An IT professional for Johnson & Johnson has alleged that the company fired him when he returned from medical leave based on his disability and age (Pultorak v. Johnson & Johnson Services, Inc. and Johnson & Johnson, No. 3:21-cv-01947 (D.N.J., Feb. 5, 2021)).
Optimal Solutions & Technologies, Inc. (OST), a provider of cyber, engineering, logistics and managed services, will pay $60,000 and furnish significant equitable relief to resolve a federal disability discrimination suit by the U.S. Equal Employment Opportunity Commission (EEOC), the federal agency announced today.
According to the EEOC’s suit, a senior SharePoint administrator working at OST's Hyattsville, Md., facility informed his supervisor that he had a benign brain tumor which would require about six weeks of radiation treatment, and that the treatments, which would be scheduled after work, would not affect his ability to perform his job. The EEOC charged that despite his good job performance, OST abruptly fired the administrator about one month after he disclosed his medical condition and only one week before he was scheduled to begin his radiation treatment.
Fewer U.S. persons with a disability were employed in 2020 with a total employment rate of 17.9%, down from 19.3% in 2019, according to data from the U.S. Bureau of Labor Statistics (BLS).
The agency's data show a clear decline in employment for persons with a disability, though HR industry observers have noted that the pandemic may also have created some positive changes for this category of job seekers.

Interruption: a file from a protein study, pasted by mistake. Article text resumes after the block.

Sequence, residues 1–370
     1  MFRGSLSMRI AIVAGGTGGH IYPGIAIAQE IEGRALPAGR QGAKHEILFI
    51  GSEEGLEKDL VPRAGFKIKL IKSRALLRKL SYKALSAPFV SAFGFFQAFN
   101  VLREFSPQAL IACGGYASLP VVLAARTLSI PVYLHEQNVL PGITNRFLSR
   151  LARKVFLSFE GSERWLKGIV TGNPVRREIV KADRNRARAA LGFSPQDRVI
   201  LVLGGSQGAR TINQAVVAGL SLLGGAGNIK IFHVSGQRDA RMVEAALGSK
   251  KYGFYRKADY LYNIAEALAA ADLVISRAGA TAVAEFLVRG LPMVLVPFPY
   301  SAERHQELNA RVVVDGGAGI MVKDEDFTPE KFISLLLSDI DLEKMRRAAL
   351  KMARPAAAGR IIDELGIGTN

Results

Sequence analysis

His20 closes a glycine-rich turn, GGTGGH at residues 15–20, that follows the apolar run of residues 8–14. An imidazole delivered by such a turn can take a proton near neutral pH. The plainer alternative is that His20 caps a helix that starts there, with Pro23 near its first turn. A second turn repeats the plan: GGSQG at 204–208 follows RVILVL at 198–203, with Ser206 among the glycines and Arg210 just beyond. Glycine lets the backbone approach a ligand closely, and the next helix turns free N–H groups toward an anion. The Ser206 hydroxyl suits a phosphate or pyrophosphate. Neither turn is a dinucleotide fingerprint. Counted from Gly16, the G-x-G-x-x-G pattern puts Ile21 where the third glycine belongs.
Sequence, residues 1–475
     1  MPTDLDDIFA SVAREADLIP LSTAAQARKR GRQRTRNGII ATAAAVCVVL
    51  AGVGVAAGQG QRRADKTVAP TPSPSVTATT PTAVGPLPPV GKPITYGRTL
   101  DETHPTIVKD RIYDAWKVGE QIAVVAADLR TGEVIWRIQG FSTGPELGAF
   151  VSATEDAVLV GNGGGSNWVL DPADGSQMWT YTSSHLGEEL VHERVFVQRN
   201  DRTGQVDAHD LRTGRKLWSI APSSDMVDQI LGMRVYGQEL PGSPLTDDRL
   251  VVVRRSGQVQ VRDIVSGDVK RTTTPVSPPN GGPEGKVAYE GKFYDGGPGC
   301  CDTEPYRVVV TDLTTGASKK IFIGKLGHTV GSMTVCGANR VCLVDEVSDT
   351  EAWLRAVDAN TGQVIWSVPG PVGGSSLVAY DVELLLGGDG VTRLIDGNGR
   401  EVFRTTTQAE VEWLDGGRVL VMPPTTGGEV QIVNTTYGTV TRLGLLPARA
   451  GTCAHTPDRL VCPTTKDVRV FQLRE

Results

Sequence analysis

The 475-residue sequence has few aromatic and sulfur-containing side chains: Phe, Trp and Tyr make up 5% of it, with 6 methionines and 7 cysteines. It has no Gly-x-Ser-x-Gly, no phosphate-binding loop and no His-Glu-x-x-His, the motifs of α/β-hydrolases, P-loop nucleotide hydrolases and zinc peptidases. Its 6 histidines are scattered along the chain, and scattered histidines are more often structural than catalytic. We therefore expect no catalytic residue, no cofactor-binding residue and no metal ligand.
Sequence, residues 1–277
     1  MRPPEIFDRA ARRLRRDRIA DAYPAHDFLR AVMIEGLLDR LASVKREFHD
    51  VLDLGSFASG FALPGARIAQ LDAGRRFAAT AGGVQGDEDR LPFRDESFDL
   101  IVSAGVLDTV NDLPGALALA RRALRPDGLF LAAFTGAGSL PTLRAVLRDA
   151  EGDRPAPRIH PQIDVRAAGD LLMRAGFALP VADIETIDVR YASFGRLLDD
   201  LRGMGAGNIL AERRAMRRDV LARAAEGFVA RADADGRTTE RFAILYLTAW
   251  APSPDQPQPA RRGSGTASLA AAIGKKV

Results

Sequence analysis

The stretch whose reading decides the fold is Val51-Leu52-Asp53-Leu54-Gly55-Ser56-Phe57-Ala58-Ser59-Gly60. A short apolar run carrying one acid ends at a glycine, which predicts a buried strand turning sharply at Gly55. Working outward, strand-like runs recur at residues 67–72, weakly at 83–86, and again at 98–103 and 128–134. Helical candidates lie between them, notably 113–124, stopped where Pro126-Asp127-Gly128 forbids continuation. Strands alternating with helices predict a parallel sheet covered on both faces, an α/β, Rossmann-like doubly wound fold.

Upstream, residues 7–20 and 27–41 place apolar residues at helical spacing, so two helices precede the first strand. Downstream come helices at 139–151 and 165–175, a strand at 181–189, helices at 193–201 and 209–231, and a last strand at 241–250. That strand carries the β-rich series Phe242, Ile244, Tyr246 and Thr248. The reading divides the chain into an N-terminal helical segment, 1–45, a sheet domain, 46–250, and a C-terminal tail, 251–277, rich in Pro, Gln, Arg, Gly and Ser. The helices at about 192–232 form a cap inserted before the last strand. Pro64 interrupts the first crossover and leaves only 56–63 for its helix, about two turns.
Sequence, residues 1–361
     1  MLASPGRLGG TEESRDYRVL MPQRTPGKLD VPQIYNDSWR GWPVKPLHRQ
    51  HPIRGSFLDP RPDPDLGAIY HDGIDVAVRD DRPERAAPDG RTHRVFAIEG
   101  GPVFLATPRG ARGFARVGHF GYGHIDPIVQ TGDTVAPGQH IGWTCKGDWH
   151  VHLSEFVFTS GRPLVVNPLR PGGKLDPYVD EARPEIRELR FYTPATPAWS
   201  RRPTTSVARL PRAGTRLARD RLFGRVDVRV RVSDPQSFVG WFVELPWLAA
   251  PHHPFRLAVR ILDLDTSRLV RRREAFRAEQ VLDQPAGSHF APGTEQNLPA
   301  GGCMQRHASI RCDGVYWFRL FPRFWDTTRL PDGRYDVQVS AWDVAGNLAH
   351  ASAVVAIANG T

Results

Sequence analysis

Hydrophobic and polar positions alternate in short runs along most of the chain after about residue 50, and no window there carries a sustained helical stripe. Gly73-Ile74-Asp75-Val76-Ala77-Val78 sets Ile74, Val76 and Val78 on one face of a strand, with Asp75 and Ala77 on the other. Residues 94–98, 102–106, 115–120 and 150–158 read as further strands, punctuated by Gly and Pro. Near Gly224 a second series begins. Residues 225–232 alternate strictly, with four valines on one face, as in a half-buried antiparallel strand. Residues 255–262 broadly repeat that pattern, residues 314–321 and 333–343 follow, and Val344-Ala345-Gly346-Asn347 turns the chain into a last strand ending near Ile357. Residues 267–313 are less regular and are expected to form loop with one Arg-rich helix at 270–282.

Accessibility to job opportunities has long been a challenge for individuals with disabilities. However, due to public health measures taken to limit the spread of COVID-19, many employers adopted hiring processes that are mostly or entirely virtual. Moreover, that adoption is expected to continue well into 2021. Combined with other measures to reduce bias in the hiring process, this change could vastly improve accessibility for individuals with disabilities, according to sources who spoke to HR Dive last year.
It’s been 20 years since disability advocates won the fight to have the Franklin Delano Roosevelt Memorial in Washington, D.C. depict the former president in a wheelchair at the site. But they say there is more work to do to make the space fully accessible to all people with disabilities and serve as the “monument to freedom” that former President Bill Clinton said it would be upon the statue’s dedication.
Sen. Tammy Duckworth on Tuesday will introduce a resolution with D.C. Delegate Eleanor Holmes Norton calling on the National Park Service to improve the memorial’s accessibility to blind and low-vision visitors and to create accessible education materials about the site’s history.